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Headlines in mid-October suggested renewed vibrancy in the Nigerian hydrocarbons industry under President Muhammadu Buhari, talking of mega-deals involving ExxonMobil and Indian investment, and plans for exploration in the north-east (see Upstream) and to raise domestic refining capacity to 650,000 b/d (from 445,000 b/d). But the divestment to the local Nipco Investments of ExxonMobil’s 60% stake in Mobil Oil Nigeria leaves Total as the sole major still operating in the downstream; the Indian deal, if it can be delivered, seems a desperate effort to raise cash. International oil companies (IOCs) continue to downsize, amid a damaging escalation of Niger Delta violence.

Nigeria
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The conflict over the former Spanish Sahara is all too often forgotten. But there is a growing feeling in policy circles – shared by companies eager to exploit the territory’s hydrocarbons and mineral potential – that the Western Sahara standoff is overdue a promotion up the international policy agenda. Crisis in the Sahel, where French and African Union forces have confronted jihadist radicals in Mali, has added to pressures to revisit the intractable conflict, more than 40 years since the Polisario Front liberation movement was formed, 38 years since Morocco’s late King Hassan II organised his ‘Green March’ into the territory, and 22 years since a United Nations-sponsored ceasefire was declared.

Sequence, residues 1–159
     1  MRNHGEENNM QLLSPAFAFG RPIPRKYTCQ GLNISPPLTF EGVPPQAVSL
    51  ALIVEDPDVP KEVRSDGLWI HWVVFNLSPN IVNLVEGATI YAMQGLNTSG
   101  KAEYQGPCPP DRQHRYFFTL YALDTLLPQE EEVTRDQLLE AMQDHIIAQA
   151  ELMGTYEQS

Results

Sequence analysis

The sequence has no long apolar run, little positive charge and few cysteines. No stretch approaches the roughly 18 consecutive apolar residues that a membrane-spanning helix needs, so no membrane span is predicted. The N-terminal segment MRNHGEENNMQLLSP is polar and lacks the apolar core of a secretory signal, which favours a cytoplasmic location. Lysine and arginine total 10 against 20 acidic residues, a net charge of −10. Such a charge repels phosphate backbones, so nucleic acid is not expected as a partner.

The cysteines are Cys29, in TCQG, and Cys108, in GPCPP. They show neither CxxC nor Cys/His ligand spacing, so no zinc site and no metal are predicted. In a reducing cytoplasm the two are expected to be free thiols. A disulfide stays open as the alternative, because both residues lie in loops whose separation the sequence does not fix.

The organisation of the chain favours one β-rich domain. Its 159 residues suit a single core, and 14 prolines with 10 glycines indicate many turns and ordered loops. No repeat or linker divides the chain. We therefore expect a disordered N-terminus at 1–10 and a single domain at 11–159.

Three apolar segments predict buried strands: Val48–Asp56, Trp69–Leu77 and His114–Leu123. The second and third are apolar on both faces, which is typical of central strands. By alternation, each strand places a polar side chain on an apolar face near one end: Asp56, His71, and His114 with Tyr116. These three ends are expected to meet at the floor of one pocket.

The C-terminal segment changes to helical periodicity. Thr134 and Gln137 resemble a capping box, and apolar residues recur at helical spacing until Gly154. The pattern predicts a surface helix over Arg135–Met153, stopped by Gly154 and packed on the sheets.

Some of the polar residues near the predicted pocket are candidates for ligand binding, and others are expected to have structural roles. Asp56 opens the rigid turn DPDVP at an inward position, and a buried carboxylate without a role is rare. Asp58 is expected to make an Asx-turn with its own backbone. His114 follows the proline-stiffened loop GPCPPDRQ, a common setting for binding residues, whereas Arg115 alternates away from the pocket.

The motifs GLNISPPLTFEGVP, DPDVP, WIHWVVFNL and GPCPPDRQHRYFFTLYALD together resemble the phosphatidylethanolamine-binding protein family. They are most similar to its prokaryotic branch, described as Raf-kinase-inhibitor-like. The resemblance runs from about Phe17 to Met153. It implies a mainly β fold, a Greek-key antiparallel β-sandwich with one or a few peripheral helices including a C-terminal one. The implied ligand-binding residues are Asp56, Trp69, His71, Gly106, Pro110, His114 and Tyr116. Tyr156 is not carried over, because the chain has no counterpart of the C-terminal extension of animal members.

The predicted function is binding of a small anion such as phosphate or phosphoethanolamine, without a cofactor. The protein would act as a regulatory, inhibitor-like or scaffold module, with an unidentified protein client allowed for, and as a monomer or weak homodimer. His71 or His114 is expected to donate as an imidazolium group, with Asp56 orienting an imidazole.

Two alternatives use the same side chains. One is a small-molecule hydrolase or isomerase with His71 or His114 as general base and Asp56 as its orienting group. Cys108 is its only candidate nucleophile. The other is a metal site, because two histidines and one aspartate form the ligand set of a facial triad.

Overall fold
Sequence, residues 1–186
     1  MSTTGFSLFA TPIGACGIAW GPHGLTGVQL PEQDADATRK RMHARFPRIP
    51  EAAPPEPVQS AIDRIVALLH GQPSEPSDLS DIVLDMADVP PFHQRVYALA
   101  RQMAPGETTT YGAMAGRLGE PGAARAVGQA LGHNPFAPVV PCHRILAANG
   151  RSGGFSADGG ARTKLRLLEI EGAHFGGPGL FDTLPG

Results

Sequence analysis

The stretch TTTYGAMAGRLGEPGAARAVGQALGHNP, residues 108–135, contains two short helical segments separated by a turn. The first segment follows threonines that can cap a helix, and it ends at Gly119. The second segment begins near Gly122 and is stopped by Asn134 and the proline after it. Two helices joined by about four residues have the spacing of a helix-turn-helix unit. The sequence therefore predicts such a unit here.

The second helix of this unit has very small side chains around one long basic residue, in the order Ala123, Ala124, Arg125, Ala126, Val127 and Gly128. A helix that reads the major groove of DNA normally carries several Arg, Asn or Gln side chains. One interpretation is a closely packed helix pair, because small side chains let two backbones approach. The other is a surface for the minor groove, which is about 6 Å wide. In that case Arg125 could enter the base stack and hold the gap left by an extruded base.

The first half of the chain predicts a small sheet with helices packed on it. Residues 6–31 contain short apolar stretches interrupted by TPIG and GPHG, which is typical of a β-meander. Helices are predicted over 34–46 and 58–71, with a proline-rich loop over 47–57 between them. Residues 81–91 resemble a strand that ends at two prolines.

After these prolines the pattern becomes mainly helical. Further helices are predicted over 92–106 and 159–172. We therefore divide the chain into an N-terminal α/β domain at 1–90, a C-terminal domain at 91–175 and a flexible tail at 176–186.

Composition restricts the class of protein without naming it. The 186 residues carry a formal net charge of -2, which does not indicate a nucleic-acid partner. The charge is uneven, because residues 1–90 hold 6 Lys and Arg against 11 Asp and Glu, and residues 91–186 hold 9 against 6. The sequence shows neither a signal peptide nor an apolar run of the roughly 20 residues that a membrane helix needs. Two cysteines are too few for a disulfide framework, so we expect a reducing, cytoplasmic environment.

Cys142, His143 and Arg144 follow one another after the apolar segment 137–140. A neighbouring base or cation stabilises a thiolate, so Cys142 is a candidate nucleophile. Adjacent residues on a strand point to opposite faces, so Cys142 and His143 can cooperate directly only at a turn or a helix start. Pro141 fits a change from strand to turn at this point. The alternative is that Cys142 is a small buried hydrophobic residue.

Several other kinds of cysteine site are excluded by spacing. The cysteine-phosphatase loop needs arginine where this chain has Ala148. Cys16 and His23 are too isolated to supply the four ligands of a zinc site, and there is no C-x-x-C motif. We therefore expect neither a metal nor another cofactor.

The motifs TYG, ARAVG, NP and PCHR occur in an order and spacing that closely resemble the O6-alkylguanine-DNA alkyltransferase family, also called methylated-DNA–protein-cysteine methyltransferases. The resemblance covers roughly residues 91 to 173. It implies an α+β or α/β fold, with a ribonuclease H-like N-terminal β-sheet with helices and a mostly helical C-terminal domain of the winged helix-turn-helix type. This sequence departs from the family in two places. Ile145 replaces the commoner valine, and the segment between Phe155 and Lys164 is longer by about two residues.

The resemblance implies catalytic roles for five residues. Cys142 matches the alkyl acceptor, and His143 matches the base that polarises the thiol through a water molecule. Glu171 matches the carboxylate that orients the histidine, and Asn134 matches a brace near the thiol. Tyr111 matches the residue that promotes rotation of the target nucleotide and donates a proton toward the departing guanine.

Morocco
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African leaders, backed by key donors, earlier this year approved another initiative to increase electricity generation and access across the continent; and multilateral and government officials have since been working to put flesh on the bones of the Programme for Infrastructure Development in Africa (PIDA). Jointly developed by the African Union (AU), New Partnership for Africa’s Development (Nepad) and African Development Bank to map out an energy infrastructure development programme in the period to 2040, PIDA promises much – and its ambitious goals are to be welcomed. “The programme aims for achieving energy accessibility of all the African population of not less than 60% by 2040. This requires annual growth of the energy sector by 6.2% and an annual investment of $40.5bn,” a recent PIDA document says.